Friday, September 19, 2008

Damn Good Writing

From Cornell Woolrich's I Married a Dead Man:

The summer nights are so pleasant in Caulfield. They smell of heliotrope and jasmine, honeysuckle and clover. The stars are warm and friendly here, not cold and distant, as where I came from; they seem to hang lower over us, be closer to us. The breeze that stirs the curtains at the open windows is soft and gentle as a baby's kiss. And on it, if you listen, you can hear the rustling sound of the leafy trees turning over and going back to sleep again. The lamplight from within the house falls upon the lawns outside and copperplates them in long swaths. There’s the hush, the stillness of perfect peace and security. Oh yes, the summer nights are pleasant in Caulfield.

But not for us.

The winter nights are too. The nights of fall, the nights of spring. Not for us, not for us.

The house we live in is so pleasant in Caulfield. The bluegreen tint of its lawn, that always seems so freshly watered no matter what the time of day. The sparkling, aerated pinwheels of the sprinklers always turning, steadily turning; if you look at them closely enough they form rainbows before your eyes. The clean, sharp curve of the driveway. The dazzling whiteness of the porch-supports in the sun. Indoors, the curving white symmetry of the banister, as gracious as the dark and glossy stair it accompanies down from above. The satin finish of the rich old floors, bearing a telltale scent of wax and of lemon-oil if you stop to sniff. The lushness of pile carpeting. In almost every room, some favorite chair waiting to greet you like an old friend when you come back to spend a little time with it. People who come and see it say, "What more can there be? This is a home, as a home should be." Yes, the house we live in is so pleasant in Caulfield.

But not for us.


We've fought this thing. How bitterly we've fought it, in every way that we know how. In every way there is. We've driven it away, a thousand times we've driven it away, and it comes back again in a look, a word, a thought. It's there.

No good for me to say to him, "You didn't do it. You've told me so once. Once was enough. No need to repeat it now again, this late. I know you didn't. Oh, my darling, my Bill, you don't lie. You don't lie, in money, or in honor, or in love--"

(But this isn't money, or honor, or love. This is a thing apart. This is murder.)

No good, when I don't believe him. At the moment that he speaks, I may. But a moment later, or an hour, or a day or week, again I don't. No good, for we don't just live within a single moment, we can't. The other moments come, the hours, weeks, and oh God, the years.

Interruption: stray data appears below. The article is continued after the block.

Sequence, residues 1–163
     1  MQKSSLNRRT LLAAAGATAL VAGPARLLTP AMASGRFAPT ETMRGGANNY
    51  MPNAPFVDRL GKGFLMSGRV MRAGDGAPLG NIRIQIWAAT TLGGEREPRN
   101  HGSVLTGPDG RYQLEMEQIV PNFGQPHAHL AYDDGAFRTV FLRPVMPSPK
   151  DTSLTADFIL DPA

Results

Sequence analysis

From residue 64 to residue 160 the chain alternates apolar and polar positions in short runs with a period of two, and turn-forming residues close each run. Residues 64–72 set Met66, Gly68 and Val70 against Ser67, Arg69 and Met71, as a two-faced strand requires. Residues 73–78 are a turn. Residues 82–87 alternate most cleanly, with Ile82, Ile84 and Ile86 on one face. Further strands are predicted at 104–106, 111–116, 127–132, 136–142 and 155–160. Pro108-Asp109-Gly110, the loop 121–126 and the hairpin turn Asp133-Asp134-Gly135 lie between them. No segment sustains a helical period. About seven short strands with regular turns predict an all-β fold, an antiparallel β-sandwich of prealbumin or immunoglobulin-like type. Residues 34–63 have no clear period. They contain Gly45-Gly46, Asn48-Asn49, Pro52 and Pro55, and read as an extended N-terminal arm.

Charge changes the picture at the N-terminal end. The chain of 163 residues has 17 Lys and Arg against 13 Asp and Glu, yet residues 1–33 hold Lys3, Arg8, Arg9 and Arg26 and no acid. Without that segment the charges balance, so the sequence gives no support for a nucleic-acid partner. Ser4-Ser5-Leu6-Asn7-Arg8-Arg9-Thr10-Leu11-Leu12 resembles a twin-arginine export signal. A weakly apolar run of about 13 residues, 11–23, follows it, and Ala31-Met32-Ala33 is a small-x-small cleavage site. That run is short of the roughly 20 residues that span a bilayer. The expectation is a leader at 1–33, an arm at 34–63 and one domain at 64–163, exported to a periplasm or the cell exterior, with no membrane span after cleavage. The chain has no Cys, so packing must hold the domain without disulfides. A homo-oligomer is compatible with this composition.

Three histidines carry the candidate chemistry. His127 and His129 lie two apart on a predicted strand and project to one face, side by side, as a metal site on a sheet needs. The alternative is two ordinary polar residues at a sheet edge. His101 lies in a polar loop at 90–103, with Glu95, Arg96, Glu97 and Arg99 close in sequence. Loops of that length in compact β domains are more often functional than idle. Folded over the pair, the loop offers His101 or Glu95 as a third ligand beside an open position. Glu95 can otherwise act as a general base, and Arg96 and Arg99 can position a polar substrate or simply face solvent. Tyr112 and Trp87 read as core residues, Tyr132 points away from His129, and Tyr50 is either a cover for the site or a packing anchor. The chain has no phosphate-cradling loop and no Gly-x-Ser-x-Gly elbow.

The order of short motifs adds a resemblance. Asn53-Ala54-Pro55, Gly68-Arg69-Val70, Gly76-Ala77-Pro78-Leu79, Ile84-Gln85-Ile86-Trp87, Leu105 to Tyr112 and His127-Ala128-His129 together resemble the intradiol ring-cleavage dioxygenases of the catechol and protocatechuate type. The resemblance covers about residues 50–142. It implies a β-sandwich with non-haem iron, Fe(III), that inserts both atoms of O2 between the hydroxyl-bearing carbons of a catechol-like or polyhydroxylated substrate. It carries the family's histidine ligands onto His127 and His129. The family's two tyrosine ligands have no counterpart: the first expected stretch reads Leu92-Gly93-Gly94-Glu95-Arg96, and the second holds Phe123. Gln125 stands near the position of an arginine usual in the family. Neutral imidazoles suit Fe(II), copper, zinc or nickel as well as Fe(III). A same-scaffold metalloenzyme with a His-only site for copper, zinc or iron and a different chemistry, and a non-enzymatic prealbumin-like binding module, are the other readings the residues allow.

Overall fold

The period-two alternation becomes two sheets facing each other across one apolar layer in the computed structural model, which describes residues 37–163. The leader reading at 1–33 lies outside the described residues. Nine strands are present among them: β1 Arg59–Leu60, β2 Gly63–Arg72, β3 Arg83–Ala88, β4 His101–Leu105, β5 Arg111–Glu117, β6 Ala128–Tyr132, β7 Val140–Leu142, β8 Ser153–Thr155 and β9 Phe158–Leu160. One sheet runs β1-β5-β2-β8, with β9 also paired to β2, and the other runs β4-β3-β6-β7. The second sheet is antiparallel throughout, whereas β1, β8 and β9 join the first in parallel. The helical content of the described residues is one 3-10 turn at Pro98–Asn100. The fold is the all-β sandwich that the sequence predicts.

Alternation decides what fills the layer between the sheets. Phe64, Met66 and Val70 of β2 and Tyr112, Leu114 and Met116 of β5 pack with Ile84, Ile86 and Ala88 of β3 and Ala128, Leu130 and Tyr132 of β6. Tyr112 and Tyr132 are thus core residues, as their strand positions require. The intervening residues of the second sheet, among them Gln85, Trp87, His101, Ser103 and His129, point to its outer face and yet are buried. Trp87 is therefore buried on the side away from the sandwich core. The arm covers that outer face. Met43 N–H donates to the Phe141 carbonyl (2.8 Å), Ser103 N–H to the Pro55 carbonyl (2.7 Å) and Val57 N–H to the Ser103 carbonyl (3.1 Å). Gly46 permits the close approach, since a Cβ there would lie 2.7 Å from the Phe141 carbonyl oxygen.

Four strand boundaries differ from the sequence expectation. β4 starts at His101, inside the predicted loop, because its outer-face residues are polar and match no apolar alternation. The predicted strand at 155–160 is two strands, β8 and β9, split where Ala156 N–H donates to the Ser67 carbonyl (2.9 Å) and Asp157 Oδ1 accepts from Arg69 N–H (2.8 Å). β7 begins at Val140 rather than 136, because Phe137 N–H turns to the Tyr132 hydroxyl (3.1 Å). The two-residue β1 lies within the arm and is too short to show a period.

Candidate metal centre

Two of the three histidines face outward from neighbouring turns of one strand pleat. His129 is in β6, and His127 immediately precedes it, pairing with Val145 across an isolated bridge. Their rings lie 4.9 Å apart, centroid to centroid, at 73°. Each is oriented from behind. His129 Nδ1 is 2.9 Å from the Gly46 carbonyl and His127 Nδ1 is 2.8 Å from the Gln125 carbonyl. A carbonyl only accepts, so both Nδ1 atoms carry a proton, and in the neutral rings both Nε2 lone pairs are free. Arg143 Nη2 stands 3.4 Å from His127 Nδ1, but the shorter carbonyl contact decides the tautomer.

For each time, as he speaks, I know it wasn't I. That's all I know. So well, too well, I know. And that leaves only--

And each time, as I speak, perhaps he knows that it wasn't he (but I cannot know that, I cannot; there is no way for him to reach me). So well he knows, so well. And that leaves only--

No good, no good at all.


"Here, take this. Drink on it. Drown it. Drown it until it's gone. One of us did do it. It doesn't matter. It's done with. Now let's get on with living.

And striking himself on the chest, "All right, I did it. There. I was the one. Now it's settled. Now it's over at last--"

And then suddenly our eyes looked deep into one another's, our glasses faltered in mid-air, went down, and it was back again.

"But you don't believe that," I whispered, dismayed.

"And you do," he breathed, stricken.

Oh, it's everywhere, it's everywhere.


It's in the very kiss we give each other. Somehow we trap it right between our lips, each time. (Did I kiss him too strongly? Will he think by that I forgave him, again, just then? Did I kiss him too weakly? Will he think by that I was thinking of it, again, just then?)

It's everywhere, it's all the time, it's us.

I don't know what the game was. I only know its name; they call it life.

I'm not sure how it should be played. No one ever told me. No one ever tells anybody. I only know we must have played it wrong. We broke some rule or other along the way, and never knew it at the time.

I don't know what the stakes are. I only know we've forfeited them, they're not for us.

We've lost. That's all I know. We've lost, we've lost.

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